For those who spend their waking hours trying to measure the voluntary contribution of voluntourists to communities – whether it is sustainable, makes a long-term, measurable difference, what have you – perhaps you would be better off measuring the contribution that voluntourists make to the overall psychological well-being, happiness, and joy of a place and its people. No academic research has been conducted to measure how voluntourists contribute to the Gross National Happiness of either their home country or their host country; such intangible measurements, alas, have thus far escaped the realm of academic inquiry. But Ms. Tranel introduces us to this notion that the value of the voluntourist, and what they value from the anticipated promise of participating in these experiences (their motivations) is far from understood.
Further to this point, Ms. Tranel alludes to, in the description of her participation and experience, the fact that the interactive nature of voluntourism allows for demonstrations of “compassion,” “honesty” and “humor” as natural occurrences brought on by the simple placement of human beings in one, common setting. Is the potential for such demonstrations magnified because of the differences between the voluntourists and the local people? Does that very difference amplify the value of these qualities in the minds of the actors? Does it help them to appreciate these qualities to a greater degree? And does this help to galvanize in their minds the experiences they have in common, i.e., their shared experiences?
The True Value of Voluntourists: Creating New Histories
When talking about the value of voluntourists to communities and the interactions and occurrences that naturally flow from the introduction of voluntourists to the space, my colleague Fernando and I have hypothesized that the “New Histories” that are created from these interactions could, in fact, be the most important contributions that voluntourists can make to communities. The “Voluntourist Legends” that will be shared amongst the people of the community have never been valued, and yet, they contribute to these communities. These Legends may be positive or negative; regardless, they become part of the Living History of the community, and, therefore, may be the most sustainable contribution that voluntourists can ever offer.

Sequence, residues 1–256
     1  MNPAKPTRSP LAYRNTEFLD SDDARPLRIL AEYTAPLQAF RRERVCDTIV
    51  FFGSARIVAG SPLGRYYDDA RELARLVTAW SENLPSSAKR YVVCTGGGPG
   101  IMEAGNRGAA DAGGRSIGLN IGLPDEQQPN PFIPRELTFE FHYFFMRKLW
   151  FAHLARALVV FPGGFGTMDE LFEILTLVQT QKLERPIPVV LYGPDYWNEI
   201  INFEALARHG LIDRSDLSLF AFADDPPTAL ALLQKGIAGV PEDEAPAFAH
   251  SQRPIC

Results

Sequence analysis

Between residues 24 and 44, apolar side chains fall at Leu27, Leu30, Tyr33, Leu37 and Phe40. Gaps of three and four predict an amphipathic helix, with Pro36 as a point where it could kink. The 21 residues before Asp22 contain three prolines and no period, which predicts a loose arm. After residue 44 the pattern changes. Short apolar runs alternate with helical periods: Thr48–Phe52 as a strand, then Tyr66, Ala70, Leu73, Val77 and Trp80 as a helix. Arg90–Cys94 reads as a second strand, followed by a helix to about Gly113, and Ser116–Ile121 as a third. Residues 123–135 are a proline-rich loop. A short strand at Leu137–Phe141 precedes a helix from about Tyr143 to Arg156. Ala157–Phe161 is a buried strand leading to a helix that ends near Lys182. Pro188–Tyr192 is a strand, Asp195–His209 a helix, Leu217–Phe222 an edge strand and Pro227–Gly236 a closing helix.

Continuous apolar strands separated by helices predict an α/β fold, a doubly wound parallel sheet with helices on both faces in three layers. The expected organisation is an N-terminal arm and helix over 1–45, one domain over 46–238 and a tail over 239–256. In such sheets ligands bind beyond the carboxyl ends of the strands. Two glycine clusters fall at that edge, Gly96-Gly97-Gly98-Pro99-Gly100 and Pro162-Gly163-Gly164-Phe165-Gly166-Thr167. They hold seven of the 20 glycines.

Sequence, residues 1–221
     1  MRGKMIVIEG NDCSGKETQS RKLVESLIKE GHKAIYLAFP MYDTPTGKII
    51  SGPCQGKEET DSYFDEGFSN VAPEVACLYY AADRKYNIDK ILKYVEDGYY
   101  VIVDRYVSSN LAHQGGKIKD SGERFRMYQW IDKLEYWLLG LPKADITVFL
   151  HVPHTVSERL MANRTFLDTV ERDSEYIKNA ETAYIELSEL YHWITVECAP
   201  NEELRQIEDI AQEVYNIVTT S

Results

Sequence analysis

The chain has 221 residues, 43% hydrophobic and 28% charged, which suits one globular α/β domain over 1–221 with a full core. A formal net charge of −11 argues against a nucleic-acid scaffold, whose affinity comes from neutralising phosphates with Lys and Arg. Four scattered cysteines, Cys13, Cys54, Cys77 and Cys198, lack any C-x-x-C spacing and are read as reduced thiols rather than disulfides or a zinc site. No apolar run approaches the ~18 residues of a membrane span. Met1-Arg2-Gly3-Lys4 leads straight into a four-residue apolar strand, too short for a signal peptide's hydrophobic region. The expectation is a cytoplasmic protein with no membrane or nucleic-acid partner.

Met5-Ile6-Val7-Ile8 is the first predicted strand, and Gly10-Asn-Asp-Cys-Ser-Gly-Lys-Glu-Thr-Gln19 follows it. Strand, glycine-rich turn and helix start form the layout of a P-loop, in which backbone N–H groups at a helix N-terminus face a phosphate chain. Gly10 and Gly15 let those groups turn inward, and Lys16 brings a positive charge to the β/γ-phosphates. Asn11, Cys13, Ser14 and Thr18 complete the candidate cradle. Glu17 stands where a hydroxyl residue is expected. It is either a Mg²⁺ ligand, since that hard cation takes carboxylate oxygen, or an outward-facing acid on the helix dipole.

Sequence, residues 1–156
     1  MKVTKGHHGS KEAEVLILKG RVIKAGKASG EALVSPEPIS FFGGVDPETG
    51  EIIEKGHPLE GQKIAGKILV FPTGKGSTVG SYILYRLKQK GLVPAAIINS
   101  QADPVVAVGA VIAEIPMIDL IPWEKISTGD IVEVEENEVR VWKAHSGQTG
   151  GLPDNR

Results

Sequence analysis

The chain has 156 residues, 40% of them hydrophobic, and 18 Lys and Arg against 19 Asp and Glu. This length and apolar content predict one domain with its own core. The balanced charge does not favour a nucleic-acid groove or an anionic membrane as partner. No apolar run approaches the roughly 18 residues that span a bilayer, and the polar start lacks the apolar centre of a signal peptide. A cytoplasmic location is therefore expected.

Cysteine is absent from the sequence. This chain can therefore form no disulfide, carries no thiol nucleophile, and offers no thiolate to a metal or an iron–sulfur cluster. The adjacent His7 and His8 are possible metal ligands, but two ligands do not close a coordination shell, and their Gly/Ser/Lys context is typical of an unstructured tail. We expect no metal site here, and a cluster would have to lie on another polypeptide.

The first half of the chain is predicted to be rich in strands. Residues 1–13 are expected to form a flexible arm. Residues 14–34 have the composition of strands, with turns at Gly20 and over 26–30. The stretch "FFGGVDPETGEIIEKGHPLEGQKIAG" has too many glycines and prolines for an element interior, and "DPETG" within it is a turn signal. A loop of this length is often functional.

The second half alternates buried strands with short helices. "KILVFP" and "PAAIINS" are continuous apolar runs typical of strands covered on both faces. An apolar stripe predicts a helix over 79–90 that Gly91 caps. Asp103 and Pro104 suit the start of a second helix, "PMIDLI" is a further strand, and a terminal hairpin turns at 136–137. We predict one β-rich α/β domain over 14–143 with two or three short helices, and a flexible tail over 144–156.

To date, voluntourists have been valued solely on the direct, voluntary-based contribution that they make, or fail to make, to communities. No research has made an effort to realize the value of the “voluntourist legends & histories” that spring from the interactions between voluntourists and the local people and the surrounding environment. I have been part of some of those stories, so I know. I remember them, and, when I see members of those communities again, we have a good laugh, or a sober moment. I have been there, for example, when a community honored the death of a voluntourist who had come to the community two years in a row, and had planned to come the third time, but had died in advance of his trip.
These stories, these experiences, have immeasurable value. They come from interaction, especially interaction that is grounded in an affirmation of wanting to contribute. The well-intentioned may be more likely to generate these stories, because they will often go further, try harder, and, as a result, create the circumstances that will manifest such legends and the physical and/or emotional responses which may be catalyzed therefrom.
Voluntourists and communities are making community legends & histories everyday. Start measuring these, and we may actually discover the true value of voluntourists.